Journaling has become such an important part of my life, and now, year after year, I am learning from myself. It turns out that much of what I search for in life has been here all along. I just have to listen to myself! It’s rewarding to see accomplishments. But what has been even more helpful is the discovery of thought patterns that show me where I might be stuck. Why was it so hard for me to pull the trigger on hiring a bookkeeper? It was control, or better yet, fear of the loss of control. Fearful? Yikes, that is not the person I want to be in life.
So how can I move past that fear? Easy, surrender! Simply let go! And I’ve learned that lesson, in part, by writing my thoughts and reviewing them regularly. Yesterday, I finally let go and took action and it was that easy. But it took time, because I needed space to understand myself and the challenges I’ve experienced.
Now to be clear, developing a journaling practice was not easy. It did not happen overnight. And I didn’t recognize the true value it would provide until I started reading my entries from a year prior. Journaling for the sake of journaling is great fun and provides a means to explore your own inner thoughts and feelings, discover patterns and let go of attachments that are no longer serving you. But once you’ve been keeping your journal over a period of time, you will find the impacts are amplified because that’s when the real learning begins to take place.
So how do you get started? Well, it could be as easy as buying a journal and just beginning right where you are. I started my journaling practice by reading Julia Cameron’s The Artist’s Way and used the accompanying journal also produced by her. Her book guides its students through a 12 week process of developing the habit of writing morning pages. These are three pages of free hand, stream of consciousness thoughts. You write whatever comes to mind for three pages. No filter. It doesn’t have to make sense. There is no judgment and no one gets to read your morning pages but you.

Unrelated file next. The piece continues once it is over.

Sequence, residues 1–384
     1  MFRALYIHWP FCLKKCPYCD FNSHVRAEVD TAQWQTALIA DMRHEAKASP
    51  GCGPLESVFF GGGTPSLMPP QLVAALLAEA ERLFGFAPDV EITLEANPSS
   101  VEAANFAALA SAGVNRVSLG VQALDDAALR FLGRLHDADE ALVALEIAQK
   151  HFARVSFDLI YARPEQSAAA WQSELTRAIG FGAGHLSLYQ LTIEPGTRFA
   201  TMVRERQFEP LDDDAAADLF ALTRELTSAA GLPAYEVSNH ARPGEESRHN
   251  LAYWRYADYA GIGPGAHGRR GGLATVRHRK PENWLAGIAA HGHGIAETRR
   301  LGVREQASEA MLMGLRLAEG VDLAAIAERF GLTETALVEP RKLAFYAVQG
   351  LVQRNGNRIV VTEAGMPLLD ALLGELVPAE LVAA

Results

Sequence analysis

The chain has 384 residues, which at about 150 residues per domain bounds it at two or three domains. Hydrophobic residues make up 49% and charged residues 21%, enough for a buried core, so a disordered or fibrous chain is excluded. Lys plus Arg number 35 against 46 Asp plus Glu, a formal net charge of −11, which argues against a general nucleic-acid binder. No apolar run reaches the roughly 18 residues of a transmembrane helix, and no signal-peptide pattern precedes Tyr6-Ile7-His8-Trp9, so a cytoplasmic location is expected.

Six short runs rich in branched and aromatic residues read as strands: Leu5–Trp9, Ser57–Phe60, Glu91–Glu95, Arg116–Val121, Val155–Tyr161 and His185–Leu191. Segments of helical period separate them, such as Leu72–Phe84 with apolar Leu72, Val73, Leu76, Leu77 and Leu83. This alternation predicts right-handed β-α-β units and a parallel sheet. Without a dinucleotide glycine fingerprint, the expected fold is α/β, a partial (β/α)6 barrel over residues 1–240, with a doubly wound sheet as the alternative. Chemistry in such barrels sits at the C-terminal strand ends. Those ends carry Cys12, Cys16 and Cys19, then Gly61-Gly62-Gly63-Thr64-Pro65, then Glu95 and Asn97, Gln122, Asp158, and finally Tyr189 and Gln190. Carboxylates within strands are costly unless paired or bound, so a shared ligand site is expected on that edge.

Julia Cameron provides an excellent framework and ideas to keep you on track. I worked through The Artist’s Way about a year and a half ago and during that time I formed a new habit. I have continued the practice of writing morning pages and it has become fun and something I enjoy for the sake of the writing itself. Like meditation I rarely miss a morning.
Morning pages allow your unconscious the space to be free. Stream of consciousness journaling is a meditation in itself. Brian Buffini has encouraged his students to keep a journal for as long as I’ve known him. I always thought it sounded like a good idea. But I just never got around to it, until I read about Julia Cameron in one of Tim Ferriss’ books. The hidden surprise was the power I discovered in learning from myself by reading what I was thinking in the past. I had no idea the real power of journaling until one year later when I began to inspire myself. I encourage you to give it a try.
If the idea of journaling intrigues, perhaps you could set a goal and take a next action right now. You can find The Artist’s Way and its companion journal together as a set on Amazon.com. You will enjoy the process and might just discover that you are your own most inspired teacher.